Palestinian women cautiously welcome new rights

Palestinian women watch the football match between Al-Nuseirat and Al-Jalaa standing outside the fence of the stadium at Nuseirat refugee camp, south of Gaza City, on January 28, 2018. (AFP)
Updated 06 March 2018
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Palestinian women cautiously welcome new rights

AMMAN: Palestinian activists and human rights organizations welcomed on Monday measures by the government to give more rights to women.
The changes include the right of Palestinian women to pass on their citizenship to their children and to open bank accounts in their names.
The Cabinet also recommended to Palestinian President Mahmoud Abbas a series of legal amendments that include canceling or amending laws that allow rapists to avoid punishment by marrying their victims.
The decisions were announced following the Cabinet session on Monday.
The recommendations include the abolition of Article 308 of a Jordanian law still in effect in Palestine. The Jordanian Parliament abolished Article 308 (which pardons rapists who marry their victim) last August. The Palestinian government also recommended changes to the 1960 penal code, which allowed for lower punishment for acts of violence carried out in so-called “honor crimes.”
Palestinian Prime Minister Rami Hamdallah said in a televised message that these changes “honor Palestinian women and that they are their rights and not a gift to them.” He vowed that more decisions advancing equality between women and men were planned.
The Palestinian Independent Commission for Human Rights issued a statement welcoming the decisions, which comes ahead of Women’s Day on Thursday.
“More is needed to attain total equality and to be in total adherence with the Convention on the Elimination of All Forms of Discrimination Against Women (CEDAW), adopted in 1979 by the UN General Assembly,” the commission said.
Salwa Hdaib, a member of the Fatah revolutionary council, told Arab News that Palestinian women’s goals for more equality were now much higher after recent changes to the law in other Arab countries such as Tunisia and Morocco.
“We deserve to have a much better legal system which truly equates the rights of men and women in political rights, in jobs and social justice,” she said.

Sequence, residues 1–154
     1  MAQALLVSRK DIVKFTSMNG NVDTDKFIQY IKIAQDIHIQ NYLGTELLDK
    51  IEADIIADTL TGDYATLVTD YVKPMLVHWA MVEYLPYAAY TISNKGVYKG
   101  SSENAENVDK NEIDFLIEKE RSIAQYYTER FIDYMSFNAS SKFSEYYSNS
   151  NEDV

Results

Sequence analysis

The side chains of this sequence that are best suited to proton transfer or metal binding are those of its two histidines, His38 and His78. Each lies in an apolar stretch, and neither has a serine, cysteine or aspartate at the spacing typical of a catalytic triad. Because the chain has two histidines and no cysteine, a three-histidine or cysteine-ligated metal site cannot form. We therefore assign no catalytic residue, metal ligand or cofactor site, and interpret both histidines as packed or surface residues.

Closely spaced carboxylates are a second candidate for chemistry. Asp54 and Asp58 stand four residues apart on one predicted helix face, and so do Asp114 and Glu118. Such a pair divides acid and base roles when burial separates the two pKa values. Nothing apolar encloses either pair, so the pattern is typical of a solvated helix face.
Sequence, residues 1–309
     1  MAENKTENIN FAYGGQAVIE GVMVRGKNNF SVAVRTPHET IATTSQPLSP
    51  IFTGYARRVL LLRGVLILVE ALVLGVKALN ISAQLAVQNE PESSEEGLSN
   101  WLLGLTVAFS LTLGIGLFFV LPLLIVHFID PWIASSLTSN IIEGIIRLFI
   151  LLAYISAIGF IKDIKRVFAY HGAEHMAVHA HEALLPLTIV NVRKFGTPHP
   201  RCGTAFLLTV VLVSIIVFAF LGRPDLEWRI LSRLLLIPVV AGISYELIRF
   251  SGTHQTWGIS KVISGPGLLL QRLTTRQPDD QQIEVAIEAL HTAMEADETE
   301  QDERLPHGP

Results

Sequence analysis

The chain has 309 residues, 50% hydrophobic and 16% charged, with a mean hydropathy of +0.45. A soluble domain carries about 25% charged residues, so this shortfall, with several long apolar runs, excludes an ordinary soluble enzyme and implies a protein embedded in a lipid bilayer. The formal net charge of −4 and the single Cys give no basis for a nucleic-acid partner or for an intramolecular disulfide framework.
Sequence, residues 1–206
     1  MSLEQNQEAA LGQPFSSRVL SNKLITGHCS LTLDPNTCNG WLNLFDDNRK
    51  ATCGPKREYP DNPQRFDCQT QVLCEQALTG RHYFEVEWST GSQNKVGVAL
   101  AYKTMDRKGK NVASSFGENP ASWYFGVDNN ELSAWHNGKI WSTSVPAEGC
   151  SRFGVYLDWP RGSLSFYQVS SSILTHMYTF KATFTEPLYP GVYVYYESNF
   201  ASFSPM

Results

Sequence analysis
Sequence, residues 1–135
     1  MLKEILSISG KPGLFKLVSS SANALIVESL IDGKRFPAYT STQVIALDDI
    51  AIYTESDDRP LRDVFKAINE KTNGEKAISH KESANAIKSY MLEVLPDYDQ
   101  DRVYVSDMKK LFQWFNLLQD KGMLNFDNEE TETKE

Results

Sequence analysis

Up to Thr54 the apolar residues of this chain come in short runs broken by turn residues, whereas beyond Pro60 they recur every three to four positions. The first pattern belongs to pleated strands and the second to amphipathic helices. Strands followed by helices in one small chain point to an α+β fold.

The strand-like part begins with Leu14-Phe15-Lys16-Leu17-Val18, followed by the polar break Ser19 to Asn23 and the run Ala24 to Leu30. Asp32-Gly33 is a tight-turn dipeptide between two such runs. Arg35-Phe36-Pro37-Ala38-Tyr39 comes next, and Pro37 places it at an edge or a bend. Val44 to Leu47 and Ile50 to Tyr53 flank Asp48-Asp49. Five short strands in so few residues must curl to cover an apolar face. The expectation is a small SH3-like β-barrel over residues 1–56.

Hdaib, who heads the Jerusalem Women's Movement, said that Palestinian women were still behind in divorce rights, inheritance and equal treatment in the courts.
“Palestinian women in general and women in Jerusalem have paid a huge price in the Palestinian struggle and they deserve nothing less than total equal rights and protection from their government and leaders.”
Lama Hourani, an activist in Ramallah and a community organizer, told Arab News that while she welcomed all improvements, she would wait and see what was in the amended laws that President Abbas will sign.
Hourani said that the personal status law, which covers issues including divorce, adoption and alimony, was in need of the most improvement. It includes laws that grant males twice the inheritance of a female.
“Until we reach total equality in our society we need to make major changes in the most important law in this regard, which is the personal status law. All other changes are nothing but cosmetic improvements.”
Hourani told Arab News that what was needed was to follow the signed international conventions that aimed to eliminate all forms of discrimination.


Bouteflika-era tycoon jailed for six months in Algeria

Updated 18 June 2019
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Bouteflika-era tycoon jailed for six months in Algeria

  • Ali Haddad was earlier arrested in possession of two passports
  • Haddad is widely perceived to have used his links to Bouteflika to build his business empire